You May Have to Repay Part of Your Stimulus Check: What to Know About Dispute Deadline

Americans who claimed a stimulus check on their tax return may have to pay back some or all of the payment and many are up against the end of a 60-day deadline to dispute the repayment if they believe they were eligible for the money.

Most Americans received stimulus checks in their mail or directly in their bank accounts, but others claimed the Recovery Rebate Credit on their tax return. A unit with the IRS is reviewing all returns that claimed the Recovery Rebate Credit to verify the accuracy of the claims and found "math errors" on more than 7 million returns.

Natalie Bonelli told Boston's WCVB she received a letter from the IRS informing her she had to pay back a $600 stimulus payment she claimed on her return plus just over $3 in interest. She received the first payment of $1,200 but told WCVB she never received the $600 payment because she moved.

The IRS encouraged those who didn't receive the first or second stimulus payment to claim the money on their 2020 tax return, which Bonelli said she did. While she believes she's entitled to the $600 payment, she told WCVB she's struggled to resolve the issue and at the time, hadn't been able to get in touch with someone at the IRS.

stimulus check deadline
Some Americans are being told they have to repay part or all of the money they claimed for stimulus checks on their returns and they only have 60 days to dispute the assessment. In this photo illustration, Twenty and five dollar bills are displayed on August 29, 2017, in San Anselmo, California. Justin Sullivan/Getty Images

Taxpayers have 60 days from the time the IRS sends a math error notice to request an abatement of the assessment, according to the Taxpayer Advocate Service, an office within the IRS. If a person received their letter in August, they're coming up on the 60-day mark to file a request. Once a request is made, the IRS must abate the assessment and reassess the tax.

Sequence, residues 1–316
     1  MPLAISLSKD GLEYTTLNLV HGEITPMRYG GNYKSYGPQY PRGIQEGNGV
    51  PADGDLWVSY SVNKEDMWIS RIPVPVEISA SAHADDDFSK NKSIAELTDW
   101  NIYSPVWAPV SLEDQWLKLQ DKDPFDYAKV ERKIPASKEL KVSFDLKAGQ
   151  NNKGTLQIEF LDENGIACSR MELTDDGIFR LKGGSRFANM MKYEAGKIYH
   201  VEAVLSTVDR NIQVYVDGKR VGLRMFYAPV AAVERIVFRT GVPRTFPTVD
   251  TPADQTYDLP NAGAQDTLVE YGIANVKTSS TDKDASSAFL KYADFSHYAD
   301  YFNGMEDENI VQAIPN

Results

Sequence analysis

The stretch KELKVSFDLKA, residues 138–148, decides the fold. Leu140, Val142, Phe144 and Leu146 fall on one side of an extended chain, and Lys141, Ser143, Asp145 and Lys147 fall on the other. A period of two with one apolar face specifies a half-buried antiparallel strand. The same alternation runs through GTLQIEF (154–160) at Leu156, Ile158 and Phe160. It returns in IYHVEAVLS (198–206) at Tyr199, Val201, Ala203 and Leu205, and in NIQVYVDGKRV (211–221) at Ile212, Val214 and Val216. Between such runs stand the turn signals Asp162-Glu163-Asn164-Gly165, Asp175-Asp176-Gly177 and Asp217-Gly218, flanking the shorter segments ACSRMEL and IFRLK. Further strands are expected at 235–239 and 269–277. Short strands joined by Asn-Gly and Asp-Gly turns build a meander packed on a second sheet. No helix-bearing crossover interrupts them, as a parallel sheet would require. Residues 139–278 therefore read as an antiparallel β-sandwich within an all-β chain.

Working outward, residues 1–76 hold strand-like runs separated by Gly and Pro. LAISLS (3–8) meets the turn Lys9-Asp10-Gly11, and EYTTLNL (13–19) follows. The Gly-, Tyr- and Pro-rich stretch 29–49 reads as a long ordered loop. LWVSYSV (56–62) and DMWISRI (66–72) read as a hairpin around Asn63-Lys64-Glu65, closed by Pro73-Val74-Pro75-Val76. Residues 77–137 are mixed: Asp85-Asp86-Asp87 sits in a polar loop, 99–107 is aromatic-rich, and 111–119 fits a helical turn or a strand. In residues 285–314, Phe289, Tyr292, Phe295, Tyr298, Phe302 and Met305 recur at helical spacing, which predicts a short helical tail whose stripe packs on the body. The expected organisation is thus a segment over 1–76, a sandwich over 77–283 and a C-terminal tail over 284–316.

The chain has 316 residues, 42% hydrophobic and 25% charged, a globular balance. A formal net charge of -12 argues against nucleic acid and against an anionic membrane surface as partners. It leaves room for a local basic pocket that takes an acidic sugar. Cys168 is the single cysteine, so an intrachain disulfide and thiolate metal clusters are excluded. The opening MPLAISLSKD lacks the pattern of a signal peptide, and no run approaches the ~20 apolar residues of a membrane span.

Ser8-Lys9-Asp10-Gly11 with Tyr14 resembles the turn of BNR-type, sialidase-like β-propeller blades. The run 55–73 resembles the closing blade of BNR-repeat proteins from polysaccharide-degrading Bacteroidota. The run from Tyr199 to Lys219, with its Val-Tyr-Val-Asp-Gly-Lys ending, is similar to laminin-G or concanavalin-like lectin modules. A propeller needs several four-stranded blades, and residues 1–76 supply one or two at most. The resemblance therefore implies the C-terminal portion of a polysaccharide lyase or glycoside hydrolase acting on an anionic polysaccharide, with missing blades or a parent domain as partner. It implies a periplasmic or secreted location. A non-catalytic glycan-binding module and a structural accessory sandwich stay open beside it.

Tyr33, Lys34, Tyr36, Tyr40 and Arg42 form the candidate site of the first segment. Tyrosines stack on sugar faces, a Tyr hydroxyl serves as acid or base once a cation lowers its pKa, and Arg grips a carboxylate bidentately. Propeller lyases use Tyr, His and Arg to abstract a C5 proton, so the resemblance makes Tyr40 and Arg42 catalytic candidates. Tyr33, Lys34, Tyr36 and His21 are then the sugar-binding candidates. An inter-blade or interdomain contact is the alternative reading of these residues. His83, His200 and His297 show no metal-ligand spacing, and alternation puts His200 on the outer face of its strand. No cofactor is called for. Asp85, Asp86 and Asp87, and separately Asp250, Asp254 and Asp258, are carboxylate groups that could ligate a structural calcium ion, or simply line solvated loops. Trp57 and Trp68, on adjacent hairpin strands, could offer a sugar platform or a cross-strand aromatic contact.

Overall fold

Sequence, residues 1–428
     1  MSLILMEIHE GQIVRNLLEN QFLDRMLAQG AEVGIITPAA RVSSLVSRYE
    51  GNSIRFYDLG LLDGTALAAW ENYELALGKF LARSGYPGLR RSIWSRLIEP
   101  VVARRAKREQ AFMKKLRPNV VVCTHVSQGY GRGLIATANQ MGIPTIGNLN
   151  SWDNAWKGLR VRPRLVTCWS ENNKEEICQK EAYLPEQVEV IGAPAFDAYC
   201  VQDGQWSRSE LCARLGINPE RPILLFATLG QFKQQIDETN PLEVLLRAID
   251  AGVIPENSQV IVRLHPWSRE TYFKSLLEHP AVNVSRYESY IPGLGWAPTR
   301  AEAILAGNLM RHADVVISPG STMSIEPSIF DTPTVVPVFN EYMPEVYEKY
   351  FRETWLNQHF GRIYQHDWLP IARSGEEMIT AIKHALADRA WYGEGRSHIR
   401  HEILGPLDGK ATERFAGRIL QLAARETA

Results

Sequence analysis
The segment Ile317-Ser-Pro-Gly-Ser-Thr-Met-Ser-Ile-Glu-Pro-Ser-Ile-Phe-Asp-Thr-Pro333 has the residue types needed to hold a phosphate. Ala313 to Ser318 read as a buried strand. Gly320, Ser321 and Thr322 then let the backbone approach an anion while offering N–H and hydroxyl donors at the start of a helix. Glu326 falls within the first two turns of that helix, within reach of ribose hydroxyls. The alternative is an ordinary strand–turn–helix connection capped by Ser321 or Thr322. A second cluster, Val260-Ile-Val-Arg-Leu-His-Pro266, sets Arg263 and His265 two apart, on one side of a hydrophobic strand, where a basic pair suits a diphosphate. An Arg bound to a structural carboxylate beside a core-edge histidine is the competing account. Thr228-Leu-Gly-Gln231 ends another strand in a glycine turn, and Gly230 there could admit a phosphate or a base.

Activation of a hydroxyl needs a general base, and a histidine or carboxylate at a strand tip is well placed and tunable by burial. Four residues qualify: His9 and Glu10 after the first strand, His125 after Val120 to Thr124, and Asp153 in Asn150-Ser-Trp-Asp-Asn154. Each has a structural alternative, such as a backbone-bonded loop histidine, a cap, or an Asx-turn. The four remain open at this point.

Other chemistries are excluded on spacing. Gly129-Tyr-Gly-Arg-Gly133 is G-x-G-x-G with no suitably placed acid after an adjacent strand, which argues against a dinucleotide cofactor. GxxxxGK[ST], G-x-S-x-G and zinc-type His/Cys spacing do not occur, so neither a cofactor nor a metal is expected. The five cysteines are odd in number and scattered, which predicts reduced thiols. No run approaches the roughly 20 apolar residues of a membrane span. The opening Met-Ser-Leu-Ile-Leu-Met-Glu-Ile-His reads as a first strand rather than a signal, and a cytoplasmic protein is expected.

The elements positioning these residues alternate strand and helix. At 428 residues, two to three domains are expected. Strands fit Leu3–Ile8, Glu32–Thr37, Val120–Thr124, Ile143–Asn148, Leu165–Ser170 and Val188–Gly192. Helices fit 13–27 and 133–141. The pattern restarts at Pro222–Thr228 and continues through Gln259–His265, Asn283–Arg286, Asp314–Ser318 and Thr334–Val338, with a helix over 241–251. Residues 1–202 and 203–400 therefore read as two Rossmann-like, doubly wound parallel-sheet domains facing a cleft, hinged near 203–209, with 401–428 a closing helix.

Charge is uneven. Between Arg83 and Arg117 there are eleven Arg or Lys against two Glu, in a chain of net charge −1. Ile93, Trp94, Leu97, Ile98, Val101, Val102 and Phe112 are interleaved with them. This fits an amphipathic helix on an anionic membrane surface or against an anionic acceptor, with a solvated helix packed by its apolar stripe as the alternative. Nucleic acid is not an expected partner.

"Although this authority can be a useful tool for the IRS when used appropriately, it comes with risks for taxpayers, namely, missing the opportunity to dispute the assessment in the U.S. Tax Court if taxpayers do not timely object to the assessment," the Taxpayer Advocate Service wrote in a blog.

After the 60-day time period is up, the Taxpayer Advocate Service noted the math error assessment is "final." The only option available to taxpayers at that point is to pay the tax and file a refund suit in the U.S. District Court or the Court of Federal Claims.

The Taxpayer Advocate Service took issue with the IRS failing to always make it perfectly clear in their letters about what was being adjusted and why and the importance of adhering to the 60-day deadline. This filing season, the Taxpayer Advocate Service said more than 5 million math error notices that omitted language about the abatement deadline were issued.

To ensure people were informed about the deadline, the IRS sent additional notices about their option to dispute the tax and gave them 60 additional days to respond, according to the Taxpayer Advocate Service. To request the assessment be abated, taxpayers can call the IRS at 800-829-0922 and they're encouraged to have additional documentation or information to justify why the assessment should be reversed.